Book Excerpt: Dark Justice by Angela Smith
Contributor

She’s in love with her sister’s killer...

Lauren has loved Luke since first grade. They planned to marry—until he murdered her sister. The moment he was sentenced to prison, Lauren fled with her secret baby and made a new life. Now she’ll do anything to keep their daughter safe. But her hard won peace shatters when Luke is exonerated, and it sets her on a path of mixed emotions to discover the truth. Letting a killer into their tightly knit family is out of the question. Or is it?

She almost destroys her life by threatening his…

Prison stole his future with Lauren and twelve years of Luke’s life, so the last thing he needs from her is a knife in the back or a gun in his face. Lauren believes he killed her sister, and he has no plans to pick up where they left off. Luke can’t afford to trust her, but he wants nothing more than to convince her he’s worth fighting for.

Their daughter is in danger…

Luke is heartbroken when he learns they had a child together. Now his daughter is in danger. Lauren trusted the wrong person for far too long, but he hopes she’ll now trust him. Luke will risk everything to keep them safe. And Lauren will risk everything if she lets him into her heart.

Book Excerpt:

Luke—Twelve Years Ago

“All rise for the jury.”

I stand, my legs unsteady. The jurors filter in, one by one, their eyes downcast. Those who look, only glance at the prosecutor. Not me or my defense attorney.

Wayne’s breath hitches. It’s a whispery whoosh, a sound he likely doesn’t realize he’s made, but it tells me everything I need to know. I almost collapse in defeat.

He thinks they found me guilty. And by their expressions, I agree.

I size up the crowd gathering in the courtroom. Most of them sit on the prosecutor’s side. Clint is there. Once my best friend, but now I’m convinced he’s a killer. He’s next to Lauren. The love of my life and the one I presumed would stand by my side forever. But since she believes I killed her sister, I guess I can’t blame her for turning her back on me.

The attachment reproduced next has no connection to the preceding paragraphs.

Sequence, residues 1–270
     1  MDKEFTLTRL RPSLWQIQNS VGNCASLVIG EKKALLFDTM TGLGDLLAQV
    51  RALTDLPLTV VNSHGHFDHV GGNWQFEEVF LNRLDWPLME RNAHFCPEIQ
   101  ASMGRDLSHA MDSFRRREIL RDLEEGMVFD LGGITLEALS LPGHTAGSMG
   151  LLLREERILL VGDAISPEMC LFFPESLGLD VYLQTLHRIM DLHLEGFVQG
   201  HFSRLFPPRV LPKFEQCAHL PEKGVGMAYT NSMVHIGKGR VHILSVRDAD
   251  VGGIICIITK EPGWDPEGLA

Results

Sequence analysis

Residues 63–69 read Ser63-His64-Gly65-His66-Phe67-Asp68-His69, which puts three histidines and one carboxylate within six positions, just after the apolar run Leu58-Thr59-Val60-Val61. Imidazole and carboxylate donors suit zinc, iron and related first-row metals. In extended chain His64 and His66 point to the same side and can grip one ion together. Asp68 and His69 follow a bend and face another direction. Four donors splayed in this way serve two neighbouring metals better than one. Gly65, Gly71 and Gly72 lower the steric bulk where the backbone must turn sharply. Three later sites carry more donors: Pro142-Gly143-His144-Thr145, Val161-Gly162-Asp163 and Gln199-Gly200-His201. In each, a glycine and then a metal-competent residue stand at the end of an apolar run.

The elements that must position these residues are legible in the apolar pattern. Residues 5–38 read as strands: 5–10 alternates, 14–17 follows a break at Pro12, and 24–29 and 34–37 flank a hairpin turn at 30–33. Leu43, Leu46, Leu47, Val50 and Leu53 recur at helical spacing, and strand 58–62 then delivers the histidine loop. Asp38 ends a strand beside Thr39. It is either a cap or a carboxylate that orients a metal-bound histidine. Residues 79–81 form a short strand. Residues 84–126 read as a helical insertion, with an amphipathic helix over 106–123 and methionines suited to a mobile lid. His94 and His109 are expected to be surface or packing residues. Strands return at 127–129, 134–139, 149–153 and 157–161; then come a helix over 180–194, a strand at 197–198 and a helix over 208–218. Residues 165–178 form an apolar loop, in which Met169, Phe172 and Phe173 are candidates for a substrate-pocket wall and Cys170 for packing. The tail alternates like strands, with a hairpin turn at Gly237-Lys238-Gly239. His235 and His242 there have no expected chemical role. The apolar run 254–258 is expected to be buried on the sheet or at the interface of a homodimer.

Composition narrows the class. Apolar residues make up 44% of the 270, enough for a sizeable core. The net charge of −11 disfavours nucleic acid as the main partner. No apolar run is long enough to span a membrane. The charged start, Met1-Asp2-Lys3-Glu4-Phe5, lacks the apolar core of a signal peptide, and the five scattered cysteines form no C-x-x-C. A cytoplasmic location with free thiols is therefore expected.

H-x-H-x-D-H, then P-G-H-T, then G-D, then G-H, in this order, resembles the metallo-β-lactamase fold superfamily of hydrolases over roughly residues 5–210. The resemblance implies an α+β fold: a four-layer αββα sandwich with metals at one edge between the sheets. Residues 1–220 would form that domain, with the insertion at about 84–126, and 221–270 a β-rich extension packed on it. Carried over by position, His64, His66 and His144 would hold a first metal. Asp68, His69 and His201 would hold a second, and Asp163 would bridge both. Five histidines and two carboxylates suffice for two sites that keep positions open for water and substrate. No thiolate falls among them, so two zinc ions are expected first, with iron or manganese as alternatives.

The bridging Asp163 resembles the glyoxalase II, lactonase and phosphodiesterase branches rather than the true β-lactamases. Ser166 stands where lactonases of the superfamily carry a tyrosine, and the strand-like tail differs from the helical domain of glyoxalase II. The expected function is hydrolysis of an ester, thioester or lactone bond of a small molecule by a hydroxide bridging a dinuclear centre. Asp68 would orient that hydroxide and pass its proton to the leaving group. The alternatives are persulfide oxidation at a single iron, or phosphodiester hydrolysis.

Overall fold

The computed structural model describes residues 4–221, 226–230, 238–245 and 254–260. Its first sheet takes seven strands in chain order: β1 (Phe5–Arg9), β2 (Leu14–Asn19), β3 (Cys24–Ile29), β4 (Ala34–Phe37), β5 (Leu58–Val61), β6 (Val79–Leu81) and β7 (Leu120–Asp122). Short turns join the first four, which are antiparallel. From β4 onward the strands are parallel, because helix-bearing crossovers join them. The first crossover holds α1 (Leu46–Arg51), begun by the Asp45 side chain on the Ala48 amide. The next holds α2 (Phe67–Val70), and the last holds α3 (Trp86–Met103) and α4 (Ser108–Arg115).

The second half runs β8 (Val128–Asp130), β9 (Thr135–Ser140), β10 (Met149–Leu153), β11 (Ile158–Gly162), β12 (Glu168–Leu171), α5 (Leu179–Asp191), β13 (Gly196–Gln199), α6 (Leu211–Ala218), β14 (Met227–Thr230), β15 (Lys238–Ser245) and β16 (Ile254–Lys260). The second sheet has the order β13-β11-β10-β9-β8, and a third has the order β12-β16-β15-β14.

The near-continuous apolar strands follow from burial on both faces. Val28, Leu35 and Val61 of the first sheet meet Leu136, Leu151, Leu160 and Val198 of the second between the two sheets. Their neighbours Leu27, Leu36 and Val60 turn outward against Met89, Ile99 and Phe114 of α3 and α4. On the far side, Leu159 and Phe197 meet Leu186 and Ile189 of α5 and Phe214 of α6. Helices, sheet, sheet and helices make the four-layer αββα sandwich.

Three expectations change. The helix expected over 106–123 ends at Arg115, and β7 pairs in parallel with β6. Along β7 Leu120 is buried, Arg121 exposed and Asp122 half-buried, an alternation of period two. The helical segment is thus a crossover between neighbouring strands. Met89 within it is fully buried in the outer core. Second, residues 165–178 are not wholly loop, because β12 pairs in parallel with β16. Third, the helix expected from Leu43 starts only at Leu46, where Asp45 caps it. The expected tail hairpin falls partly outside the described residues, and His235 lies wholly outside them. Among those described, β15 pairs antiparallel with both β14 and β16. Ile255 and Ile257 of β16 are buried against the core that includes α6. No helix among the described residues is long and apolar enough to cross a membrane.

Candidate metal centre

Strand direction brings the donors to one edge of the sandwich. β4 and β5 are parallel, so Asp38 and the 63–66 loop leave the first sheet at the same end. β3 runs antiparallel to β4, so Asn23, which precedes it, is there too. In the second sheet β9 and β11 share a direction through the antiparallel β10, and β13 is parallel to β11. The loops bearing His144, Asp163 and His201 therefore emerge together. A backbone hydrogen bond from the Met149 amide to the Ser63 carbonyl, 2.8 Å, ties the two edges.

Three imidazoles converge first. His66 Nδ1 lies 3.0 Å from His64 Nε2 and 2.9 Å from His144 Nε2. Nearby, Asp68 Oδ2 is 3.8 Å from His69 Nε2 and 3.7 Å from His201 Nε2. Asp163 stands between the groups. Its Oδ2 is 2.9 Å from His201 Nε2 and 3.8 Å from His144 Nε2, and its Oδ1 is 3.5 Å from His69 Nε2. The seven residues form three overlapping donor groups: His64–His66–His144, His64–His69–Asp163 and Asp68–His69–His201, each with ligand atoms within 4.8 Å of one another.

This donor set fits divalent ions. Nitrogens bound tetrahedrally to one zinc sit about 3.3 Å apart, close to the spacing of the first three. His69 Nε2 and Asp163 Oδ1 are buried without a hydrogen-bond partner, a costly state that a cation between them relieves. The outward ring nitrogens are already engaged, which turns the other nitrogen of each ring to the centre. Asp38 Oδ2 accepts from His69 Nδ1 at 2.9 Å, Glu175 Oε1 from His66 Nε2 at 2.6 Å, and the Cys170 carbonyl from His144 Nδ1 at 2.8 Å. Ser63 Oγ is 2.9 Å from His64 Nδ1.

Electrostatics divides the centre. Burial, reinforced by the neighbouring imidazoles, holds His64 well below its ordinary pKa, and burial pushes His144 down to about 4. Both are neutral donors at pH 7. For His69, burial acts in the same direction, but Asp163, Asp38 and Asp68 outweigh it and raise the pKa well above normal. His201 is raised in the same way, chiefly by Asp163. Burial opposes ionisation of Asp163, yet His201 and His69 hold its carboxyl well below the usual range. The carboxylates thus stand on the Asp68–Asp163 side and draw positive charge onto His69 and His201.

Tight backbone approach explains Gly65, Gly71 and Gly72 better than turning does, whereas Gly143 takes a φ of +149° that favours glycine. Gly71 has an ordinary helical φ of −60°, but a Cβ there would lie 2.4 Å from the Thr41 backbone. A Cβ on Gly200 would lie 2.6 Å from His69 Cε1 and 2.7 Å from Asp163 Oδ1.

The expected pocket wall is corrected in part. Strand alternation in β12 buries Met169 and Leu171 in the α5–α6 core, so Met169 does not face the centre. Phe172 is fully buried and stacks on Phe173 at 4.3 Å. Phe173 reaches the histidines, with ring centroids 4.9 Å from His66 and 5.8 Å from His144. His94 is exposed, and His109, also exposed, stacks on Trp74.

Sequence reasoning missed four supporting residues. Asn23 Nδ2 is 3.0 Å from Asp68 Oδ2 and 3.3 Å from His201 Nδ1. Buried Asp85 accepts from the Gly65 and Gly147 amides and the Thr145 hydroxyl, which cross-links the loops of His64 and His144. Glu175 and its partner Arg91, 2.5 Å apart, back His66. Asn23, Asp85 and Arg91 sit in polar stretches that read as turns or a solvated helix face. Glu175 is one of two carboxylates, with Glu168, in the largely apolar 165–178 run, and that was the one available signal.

But Clint? Fear curls my spine. He’s charming, I’ll give him that, but he’s an absolute psycho. Nobody in Lauren’s family will listen, especially Lauren. And before all this, I wouldn’t have believed Clint is the killer. He killed her sister. How do I know she won’t be next? How can I protect her if I’m locked in prison for the rest of my life?

The judge drones on about the charge, then asks the jury if they’ve reached a decision. Wayne shifts and gives me a blink that tells me he wants to make sure I’m aware of what’s going on. I’m eighteen, for God’s sake. How could anyone my age understand criminal justice?

He’s warned me of how you can never predict a jury, but this group of fourteen holds their heads high as if they’ve never been surer in their lives. Two of them are alternate jurors, so it’s up to five men and seven women to decide my fate.

An older gentleman hands the bailiff the verdict. I hold my breath, and the judge reads. “We the jury find the defendant, Lucas Donovan Fuller, guilty of murder.”

Gasps fill the room. Chaos erupts, at least in my bones. More like a commotion, nothing too disastrous to alert the judge, and something he’s probably accustomed to. He only regards the crowd. A lot of loud talking, crying, and my mother’s wails. He’s way more patient than me and waits for everyone’s reaction to subside.

My muscles grow weak. I badly want to sit and wonder when I’m allowed. I want to reach out to Lauren. Tell her I’m sorry this happened, I didn’t do it, she has to trust me, and please, please don’t trust Clint. I open my mouth to say these things, but my attorney stations his hand on my shoulder, as if his one palm is going to keep me silent.

He warned me over and over not to react. I’m not allowed to speak. I am barely allowed to move, and I can’t look her way, although I shift to do so. The bailiff puffs out his chest and walks closer, as if I’m going to bolt.